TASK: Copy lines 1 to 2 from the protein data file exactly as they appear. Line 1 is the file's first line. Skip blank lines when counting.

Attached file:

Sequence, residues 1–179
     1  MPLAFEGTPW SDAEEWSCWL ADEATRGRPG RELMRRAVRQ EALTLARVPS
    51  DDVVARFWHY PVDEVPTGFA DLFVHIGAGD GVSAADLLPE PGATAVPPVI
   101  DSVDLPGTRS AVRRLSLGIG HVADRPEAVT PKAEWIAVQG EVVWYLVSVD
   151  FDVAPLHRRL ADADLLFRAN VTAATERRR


Sequence, residues 1–179
     1  MPLAFEGTPW SDAEEWSCWL ADEATRGRPG RELMRRAVRQ EALTLARVPS